For the first time, the Mediterranean diet won the top spot as 2019’s best overall diet in rankings by US News and World Report. The Mediterranean diet also ranked first in best diet for diabetes and tied for first place in best heart-healthy diet. It also won first for best “healthy eating”, best plant-based diet, and the easiest diet to follow. Health experts evaluated 41 diets.
What is the Mediterranean diet?
Following the Mediterranean Diet could mean people are more successful keeping weight off while avoiding chronic disease. It’s low in red meat, sugar and saturated fat, but high in produce, nuts and other healthy foods. Along with a healthy lifestyle, the diet offers a host of health benefits: weight loss, heart and brain health, cancer prevention, and diabetes prevention and improved glucose regulation.
People eat differently in Greece, Italy, France and Spain so there’s not just one Mediterranean diet, but many principles are shared. Working with the Harvard School of Public Health, Oldways, a nonprofit food think tank in Boston, developed a consumer-friendly Mediterranean diet pyramid that offers guidelines on how to fill a plate. At the heart of the diet? Simple, plant-based cooking, with the majority of meals focused on fruits and vegetables, whole grains, beans and seeds, nuts and a heavy emphasis on cooking with olive oil. Refined sugar and flour are rarely eaten. Saturated fats are only occasionally taken. The diet encourages mealtimes with friends or family, a mindful eating approach, as well as exercise for a healthy lifestyle.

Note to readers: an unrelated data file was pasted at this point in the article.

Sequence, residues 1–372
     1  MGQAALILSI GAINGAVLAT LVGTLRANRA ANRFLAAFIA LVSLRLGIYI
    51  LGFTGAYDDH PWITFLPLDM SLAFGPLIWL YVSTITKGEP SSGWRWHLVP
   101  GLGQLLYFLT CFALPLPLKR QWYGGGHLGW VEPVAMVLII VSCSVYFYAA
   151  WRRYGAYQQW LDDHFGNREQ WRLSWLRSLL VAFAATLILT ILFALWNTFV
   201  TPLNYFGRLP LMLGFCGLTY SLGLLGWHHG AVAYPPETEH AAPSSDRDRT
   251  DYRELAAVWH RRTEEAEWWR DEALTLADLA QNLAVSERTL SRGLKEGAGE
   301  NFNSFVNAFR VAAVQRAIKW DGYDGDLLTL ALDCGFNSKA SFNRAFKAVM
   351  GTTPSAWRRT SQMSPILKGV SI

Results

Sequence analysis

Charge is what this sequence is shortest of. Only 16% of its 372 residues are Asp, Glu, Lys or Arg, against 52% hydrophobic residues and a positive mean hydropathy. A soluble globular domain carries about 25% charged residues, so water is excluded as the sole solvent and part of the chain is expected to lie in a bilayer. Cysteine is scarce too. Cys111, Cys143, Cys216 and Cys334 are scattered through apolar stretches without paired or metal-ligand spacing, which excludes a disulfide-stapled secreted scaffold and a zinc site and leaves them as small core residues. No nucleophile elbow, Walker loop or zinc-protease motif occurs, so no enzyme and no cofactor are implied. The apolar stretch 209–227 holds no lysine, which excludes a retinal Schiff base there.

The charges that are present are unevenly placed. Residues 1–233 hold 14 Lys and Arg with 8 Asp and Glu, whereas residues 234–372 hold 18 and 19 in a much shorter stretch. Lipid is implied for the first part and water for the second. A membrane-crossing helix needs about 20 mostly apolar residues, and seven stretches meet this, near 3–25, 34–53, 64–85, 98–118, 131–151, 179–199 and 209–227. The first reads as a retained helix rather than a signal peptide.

How did they judge?
To judge diets, experts in heart disease and diabetes, nutrition, diet, food psychology and obesity reviewed research about the diets from medical journals, government reports and other resources. Diets are then ranked in seven categories: easy to follow, nutritional completeness, achievement of short-term and long-term weight loss, safety and the potential for preventing and managing diabetes and heart disease.
For diabetes, four diets tied for second place in the US News and World Report ranking: the DASH diet (dietary approaches to stop hypertension), the flexitarian diet, the Volumetric diet and the Mayo Clinic diet.
What do all these diets have in common? Processed foods are not a part of their plan.
For more information about the rankings, please click here.